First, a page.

Few words of Jesus are repeatedly as frequently as the three simple words “do not judge.” This brief phrase is a favorite of many, including plenty of people who are not followers of Jesus. The irony, of course, is that for as often as these words are repeated as an imperative for others to follow, relatively few people seem to hear these words and think, “He’s talking to me.” Indeed, rather than allowing “do not judge” to be a sort of proactive mantra, shaping us into nonjudgmental people as we go through life, many – if not most – of us wield these words as a reactive weapon.

If we fail to hear Jesus speaking to us, however, we miss the heart of the matter. It is incredibly easy to fall into the trap of judging others. We even come up with all kinds of ways to rationalize our judgmental behavior. “I’m just observing the fruit of her life.” “I’m just telling it like it is.” “Facts are facts.” “The Bible is clear about that.” But it doesn’t take long for the practice of judging to shape us into people whose behavior betrays our rationalizations. We can become angry, bitter, and resentful faster than we’d like to admit when finding fault and passing judgment become part of the fabric of our lives.

Jesus seems to realize just how destructive it can be to regularly pass judgment on others. Not only is such judgment self-destructive, it also destroys relationships with others. In order to enjoy the kind of community the Kingdom of God makes possible, therefore, Jesus calls on us to stop judging and to start treating others the way we want to be treated. In the following video, Barbara Brown Taylor offers some confessional thoughts about how easy it can be to get caught up in judging others, as well as a suggestion for how to begin to live into Jesus’s calling to treat others the way we want to be treated.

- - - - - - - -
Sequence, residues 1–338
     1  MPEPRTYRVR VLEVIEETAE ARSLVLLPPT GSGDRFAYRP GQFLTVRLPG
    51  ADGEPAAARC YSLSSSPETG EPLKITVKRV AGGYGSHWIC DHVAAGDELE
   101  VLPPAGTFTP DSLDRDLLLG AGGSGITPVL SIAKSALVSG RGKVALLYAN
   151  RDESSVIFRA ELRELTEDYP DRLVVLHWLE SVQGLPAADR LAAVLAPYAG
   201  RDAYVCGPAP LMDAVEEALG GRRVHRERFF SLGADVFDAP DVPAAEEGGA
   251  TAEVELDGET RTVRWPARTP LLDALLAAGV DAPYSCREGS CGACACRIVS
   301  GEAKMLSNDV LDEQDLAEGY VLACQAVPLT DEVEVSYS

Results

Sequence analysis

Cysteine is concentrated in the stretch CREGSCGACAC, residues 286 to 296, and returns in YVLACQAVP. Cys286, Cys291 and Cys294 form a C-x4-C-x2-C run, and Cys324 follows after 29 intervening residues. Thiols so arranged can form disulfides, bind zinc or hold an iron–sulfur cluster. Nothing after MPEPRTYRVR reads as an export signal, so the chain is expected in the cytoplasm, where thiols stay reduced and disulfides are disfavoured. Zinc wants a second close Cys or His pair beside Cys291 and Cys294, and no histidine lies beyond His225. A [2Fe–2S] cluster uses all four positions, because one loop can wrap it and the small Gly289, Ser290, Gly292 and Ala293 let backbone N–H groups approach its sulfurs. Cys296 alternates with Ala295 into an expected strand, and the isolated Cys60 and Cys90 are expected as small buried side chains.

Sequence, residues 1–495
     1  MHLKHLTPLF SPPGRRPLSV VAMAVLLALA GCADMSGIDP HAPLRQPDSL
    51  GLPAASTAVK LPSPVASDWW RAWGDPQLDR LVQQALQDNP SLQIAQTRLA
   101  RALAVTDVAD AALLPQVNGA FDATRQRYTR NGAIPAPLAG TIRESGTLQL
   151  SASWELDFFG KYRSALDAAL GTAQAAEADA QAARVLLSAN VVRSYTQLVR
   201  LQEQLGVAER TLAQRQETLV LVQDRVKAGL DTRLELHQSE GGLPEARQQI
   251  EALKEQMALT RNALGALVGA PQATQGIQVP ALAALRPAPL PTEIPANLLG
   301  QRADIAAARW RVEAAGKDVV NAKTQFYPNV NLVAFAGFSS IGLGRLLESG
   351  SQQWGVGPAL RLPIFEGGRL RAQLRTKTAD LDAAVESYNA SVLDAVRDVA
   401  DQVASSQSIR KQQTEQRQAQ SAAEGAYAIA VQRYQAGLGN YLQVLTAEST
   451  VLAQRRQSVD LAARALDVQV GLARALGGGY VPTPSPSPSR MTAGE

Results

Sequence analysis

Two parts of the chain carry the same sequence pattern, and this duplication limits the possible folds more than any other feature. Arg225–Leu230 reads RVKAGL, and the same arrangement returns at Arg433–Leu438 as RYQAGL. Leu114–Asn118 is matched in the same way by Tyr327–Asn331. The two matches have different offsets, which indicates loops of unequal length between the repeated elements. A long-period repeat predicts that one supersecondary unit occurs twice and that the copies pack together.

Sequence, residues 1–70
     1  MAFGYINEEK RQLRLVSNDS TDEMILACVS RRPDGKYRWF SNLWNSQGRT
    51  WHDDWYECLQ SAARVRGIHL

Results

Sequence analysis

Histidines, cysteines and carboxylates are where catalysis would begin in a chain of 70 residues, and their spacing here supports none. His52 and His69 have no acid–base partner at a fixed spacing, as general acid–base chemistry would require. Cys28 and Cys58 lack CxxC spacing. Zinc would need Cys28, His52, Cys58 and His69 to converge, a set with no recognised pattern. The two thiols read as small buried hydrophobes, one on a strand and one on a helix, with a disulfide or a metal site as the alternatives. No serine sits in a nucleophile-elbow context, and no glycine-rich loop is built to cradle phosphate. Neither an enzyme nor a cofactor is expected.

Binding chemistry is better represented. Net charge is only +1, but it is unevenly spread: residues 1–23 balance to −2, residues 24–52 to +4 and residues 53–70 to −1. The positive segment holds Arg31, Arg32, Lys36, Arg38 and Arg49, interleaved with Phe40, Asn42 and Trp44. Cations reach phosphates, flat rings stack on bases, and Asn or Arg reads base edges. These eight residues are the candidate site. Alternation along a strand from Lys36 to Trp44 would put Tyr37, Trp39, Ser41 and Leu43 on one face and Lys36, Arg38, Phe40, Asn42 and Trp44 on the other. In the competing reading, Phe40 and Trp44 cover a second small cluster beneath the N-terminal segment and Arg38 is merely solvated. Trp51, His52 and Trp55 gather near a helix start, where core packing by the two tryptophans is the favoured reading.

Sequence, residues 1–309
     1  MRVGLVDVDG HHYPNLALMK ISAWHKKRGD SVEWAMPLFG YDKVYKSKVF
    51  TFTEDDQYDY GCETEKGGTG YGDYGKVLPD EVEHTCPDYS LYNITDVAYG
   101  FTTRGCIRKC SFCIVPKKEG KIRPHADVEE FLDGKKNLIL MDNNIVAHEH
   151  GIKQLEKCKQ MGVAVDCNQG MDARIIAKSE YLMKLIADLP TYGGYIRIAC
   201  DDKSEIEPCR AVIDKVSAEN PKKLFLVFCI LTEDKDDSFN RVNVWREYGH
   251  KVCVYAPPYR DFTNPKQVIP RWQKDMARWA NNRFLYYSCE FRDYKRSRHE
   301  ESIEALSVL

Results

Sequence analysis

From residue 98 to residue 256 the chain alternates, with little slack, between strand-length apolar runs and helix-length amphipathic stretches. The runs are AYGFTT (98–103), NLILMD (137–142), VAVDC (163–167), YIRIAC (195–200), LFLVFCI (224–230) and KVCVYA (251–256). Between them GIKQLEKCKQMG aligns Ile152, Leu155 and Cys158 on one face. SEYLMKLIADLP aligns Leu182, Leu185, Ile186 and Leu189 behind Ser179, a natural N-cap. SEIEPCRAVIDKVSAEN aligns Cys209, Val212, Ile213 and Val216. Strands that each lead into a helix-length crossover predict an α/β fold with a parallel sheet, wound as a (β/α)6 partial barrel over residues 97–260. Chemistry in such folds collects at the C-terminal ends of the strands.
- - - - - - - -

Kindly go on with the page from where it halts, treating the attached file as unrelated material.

Questions for Reflection

1. Think of a recent situation in which you became angry with someone because you wanted them to change or be different. What happened as a result of this anger? What might have been different had you simply focused on finding something to appreciate or common ground that you share?

2. Think of a time when you experienced being written off by someone because they wanted to change you or for you to be different. How did this feel? How did this affect your relationship? How did this change (or not change) you?

3. Do you have a close relationship with someone from whom you’re really different? If so, how has your relationship changed the way you relate to other people who are different from you? If not, think of someone in your life you’ve written off because of your differences and commit to letting go of your desire for them to change. Instead, try to build a relationship with them that is characterized by your treating them the way you’d want to be treated.


The Good Life Playlist

If music speaks to your soul, make this playlist–comprised of songs that explore the various themes in the Sermon on the Mount–a part of the soundtrack of your life as we explore together The Good Life Jesus invites us to live.

Finding Out Where Your Heart Really Is


In the Sermon on the Mount, Jesus doesn’t mince any words when he instructs those listening: “Do not worry.” Neither does he hold back when addressing the tendency for people to treasure that which should not be treasured, describing in vivid detail how susceptible our treasures are to moth and rust and thieves. In the end, the entirety of this section of the Sermon on the Mount is an attempt to overthrow the reign of anxiety in the lives of Christ-followers, so that we might fix our hearts on the true King and his Kingdom and nothing else.

Certainly Jesus has in mind individuals as he speaks these words. Clearly he hopes for the lives of those who are listening to be transformed. And what a difference it would make if followers of Jesus would in fact abandon their anxiety and their attempts to control the future and instead seek the Kingdom of God and let things play out as they will!